Cardiac output

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Unit 3A Human Form & FunctionCells, metabolism & regulation Regulation of blood pressure

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Study Guide Read: Our Human Species (3rd edtn) Chapter 10, sections 4-12 Complete: Human Biological Science Workbook Topic 7 – Regulation of Blood Pressure

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Blood pressureblood pressure is the pressure of the circulating blood against the walls of the blood vessels. Pressure is highest when the ventricles in the heart contract (systole) and lowest when they relax (diastole).

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systolic and diastolic pressureBlood pressure is recorded as two numbers: the top number is called the systolic pressure and the bottom number is called the diastolic pressure. Adult blood pressure is considered normal at around 120/80.

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Measuring blood pressureBlood pressure is usually recorded from the brachial artery in the arm, just above the elbow. Blood pressure falls as the blood moves further away from the heart. Blood pressure in the veins (venous pressure) is much lower than the arterial blood pressure.

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Blood pressure is measured using a sphygmomanometer. Values are reported in millimeters of mercury (mmHg)A traditional analogue sphygmomanometer (left) and an electronic digital sphygmomanometer (right). Kate Whitley, Wellcome ImagesWellcome Photo Library

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Physiological factors affecting blood pressure

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The SA nodeThe heart contains specialised conductive tissue which regulates the heartbeat. The sinoatrial node (SA node or pacemaker) is a cluster of specialised cardiac cells in the wall of the right atrium which initiates the heartbeat. The atrioventricular node (AV node) is the secondary pacemaker which regulates the beating of the ventricles.

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Conductive tissueSinoatrial (SA) node – the pacemakerAtrioventricular (AV) nodePerkinje fibresThe Sourcebook of Medical Illustration (The Parthenon Publishing Group, P. Cull, ed., 1989)

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Cardiac outputThe cardiac output is the total amount of blood being pumped by the heart over a particular period of time – e.g. the minute volume is the amount of blood pumped by the heart over one minute The cardiac output is affected by the stroke volume (the volume of blood pumped by each ventricle during a cardiac cycle ) and the heart rate (the number of heart beats over a particular period of time). Cardiac output = Stroke volume x Heart rate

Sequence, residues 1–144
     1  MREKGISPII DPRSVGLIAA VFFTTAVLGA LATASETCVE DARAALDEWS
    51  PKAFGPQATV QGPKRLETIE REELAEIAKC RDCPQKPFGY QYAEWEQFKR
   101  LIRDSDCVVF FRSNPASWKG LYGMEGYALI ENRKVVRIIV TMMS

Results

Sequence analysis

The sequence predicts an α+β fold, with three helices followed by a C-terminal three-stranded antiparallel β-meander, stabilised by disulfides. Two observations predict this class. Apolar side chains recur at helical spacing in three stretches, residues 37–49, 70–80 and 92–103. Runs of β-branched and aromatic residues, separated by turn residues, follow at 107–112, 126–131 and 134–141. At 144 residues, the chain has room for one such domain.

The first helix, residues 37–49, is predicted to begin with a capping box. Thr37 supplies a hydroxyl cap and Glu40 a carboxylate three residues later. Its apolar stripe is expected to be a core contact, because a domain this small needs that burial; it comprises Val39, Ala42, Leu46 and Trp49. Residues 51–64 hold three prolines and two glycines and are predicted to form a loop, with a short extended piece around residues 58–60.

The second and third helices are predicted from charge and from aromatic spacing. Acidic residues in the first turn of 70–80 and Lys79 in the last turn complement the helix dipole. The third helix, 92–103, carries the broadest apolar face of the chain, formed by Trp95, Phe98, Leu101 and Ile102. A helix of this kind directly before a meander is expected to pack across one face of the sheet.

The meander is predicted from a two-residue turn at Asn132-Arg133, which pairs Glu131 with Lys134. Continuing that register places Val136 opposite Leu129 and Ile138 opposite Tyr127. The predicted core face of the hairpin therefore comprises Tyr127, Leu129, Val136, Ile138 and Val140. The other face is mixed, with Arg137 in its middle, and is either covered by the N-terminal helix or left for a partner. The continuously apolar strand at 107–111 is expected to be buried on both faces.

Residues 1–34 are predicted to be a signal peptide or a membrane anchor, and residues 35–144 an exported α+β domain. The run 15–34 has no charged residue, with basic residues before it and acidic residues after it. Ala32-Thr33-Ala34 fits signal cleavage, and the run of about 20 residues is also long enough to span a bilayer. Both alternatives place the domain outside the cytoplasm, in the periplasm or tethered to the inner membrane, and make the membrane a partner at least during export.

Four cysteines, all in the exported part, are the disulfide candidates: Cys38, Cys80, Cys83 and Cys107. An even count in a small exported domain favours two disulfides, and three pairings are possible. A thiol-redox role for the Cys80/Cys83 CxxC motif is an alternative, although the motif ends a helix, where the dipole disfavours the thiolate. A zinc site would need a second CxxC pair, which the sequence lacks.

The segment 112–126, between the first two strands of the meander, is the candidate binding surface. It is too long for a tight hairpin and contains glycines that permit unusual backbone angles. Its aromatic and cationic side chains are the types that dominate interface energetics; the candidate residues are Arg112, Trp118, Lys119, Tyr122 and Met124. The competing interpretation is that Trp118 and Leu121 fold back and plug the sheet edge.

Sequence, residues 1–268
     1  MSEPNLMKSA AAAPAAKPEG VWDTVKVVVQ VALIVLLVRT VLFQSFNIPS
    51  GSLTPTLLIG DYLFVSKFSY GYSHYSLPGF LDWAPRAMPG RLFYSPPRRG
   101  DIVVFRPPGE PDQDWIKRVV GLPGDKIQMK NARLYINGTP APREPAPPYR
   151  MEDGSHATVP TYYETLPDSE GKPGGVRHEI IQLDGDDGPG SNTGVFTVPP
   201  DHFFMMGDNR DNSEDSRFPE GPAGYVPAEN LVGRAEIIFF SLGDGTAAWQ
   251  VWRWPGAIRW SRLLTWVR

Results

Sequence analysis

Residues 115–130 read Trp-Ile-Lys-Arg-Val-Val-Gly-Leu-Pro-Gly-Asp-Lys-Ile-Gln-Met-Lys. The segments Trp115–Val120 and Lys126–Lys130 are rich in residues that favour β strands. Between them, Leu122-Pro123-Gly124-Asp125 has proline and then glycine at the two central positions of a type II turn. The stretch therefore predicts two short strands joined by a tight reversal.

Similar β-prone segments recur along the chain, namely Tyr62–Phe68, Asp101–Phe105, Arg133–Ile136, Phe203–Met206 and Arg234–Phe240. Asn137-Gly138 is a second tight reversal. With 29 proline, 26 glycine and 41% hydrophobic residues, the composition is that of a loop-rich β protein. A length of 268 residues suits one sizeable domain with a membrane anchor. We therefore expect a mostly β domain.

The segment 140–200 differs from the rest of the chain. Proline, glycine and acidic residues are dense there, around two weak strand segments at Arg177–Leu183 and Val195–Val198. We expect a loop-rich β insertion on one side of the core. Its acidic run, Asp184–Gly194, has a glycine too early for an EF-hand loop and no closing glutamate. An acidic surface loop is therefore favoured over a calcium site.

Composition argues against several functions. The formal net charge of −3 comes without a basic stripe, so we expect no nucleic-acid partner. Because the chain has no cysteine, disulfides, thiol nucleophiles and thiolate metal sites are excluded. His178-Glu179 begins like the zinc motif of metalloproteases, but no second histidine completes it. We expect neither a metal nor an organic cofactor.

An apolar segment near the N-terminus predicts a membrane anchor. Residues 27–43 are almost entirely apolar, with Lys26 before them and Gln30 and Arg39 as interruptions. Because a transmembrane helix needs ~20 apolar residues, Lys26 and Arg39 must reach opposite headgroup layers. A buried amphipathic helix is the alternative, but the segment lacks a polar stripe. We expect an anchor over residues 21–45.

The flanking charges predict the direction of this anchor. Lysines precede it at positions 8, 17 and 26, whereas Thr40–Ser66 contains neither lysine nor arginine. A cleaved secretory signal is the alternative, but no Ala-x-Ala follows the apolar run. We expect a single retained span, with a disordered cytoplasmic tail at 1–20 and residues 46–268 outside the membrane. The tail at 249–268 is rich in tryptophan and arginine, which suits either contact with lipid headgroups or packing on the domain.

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Factors that affect stroke volumeVenous return (Frank-Starling law) Autonomic NS (sympathetic stimulation increases stroke volume) Hormones (thyroxine, adrenaline / noradrenaline, glucagon) Calcium & potassium levels

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The Frank – Starling law of the heartThe greater the volume of blood entering the heart during diastole, the greater the volume of blood ejected during systolic contraction (stroke volume).

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What does this mean?When we exercise more blood is returned to the heart. The more the heart muscle is stretched, the stronger the strength of the contraction (rather like a rubber band). The stronger the contraction of the ventricle, the more blood is ejected from the heart i.e. the stroke volume is increased.

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The heart in diastolic and systolic phasesMariana Ruiz Villarreal

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Control of heart rateStimulus - Change of blood pressure Receptor - Baro (pressure) receptors in right atrium, aorta & carotid artery (sinus) Control centre - Cardiac centre in medulla oblongata Transmission - ANS Effector - SA node (AV node in some cases) Response - Sympathetic stimulation speeds up heart Parasympathetic stimulation slows heart down

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REGULATION OF THE HEART RATE

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REGULATION OF THE HEART RATE

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Other factors that influence heart rateThe heart rate can also be affected by: Hormones (adrenaline) Temperature Drugs Salts (potassium & calcium) Emotions (e.g. fear, anger)

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The renin-angiotensin systemThe renin-angiotensin system is a hormone system that regulates blood pressure and fluid balance.

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ActivationA sustained fall in blood pressure is detected by pressure receptors in the kidneys (the juxtaglomerular apparatus). The kidneys release the hormone renin. Renin activates another hormone, angiotensin.

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The effects of angiotensin - 1Angiotensin (together with aldosterone and antidiuretic hormone) cause the kidneys to reabsorb salt and water and create the sensation of thirst (see Section 5). This increases blood pressure.

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The effects of angiotensin - 2Angiotensin causes arterioles throughout the body to constrict (vasoconstriction). This also results in an increase in blood pressure.ArterioleSmooth muscleIn response to sympathetic stimulation, or hormones, such as angiotensin and adrenaline, smooth muscle coiled around arterioles contracts and squeezes the blood vessels, making them smaller – this is vasoconstriction.

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Last Updated: 8th March 2018

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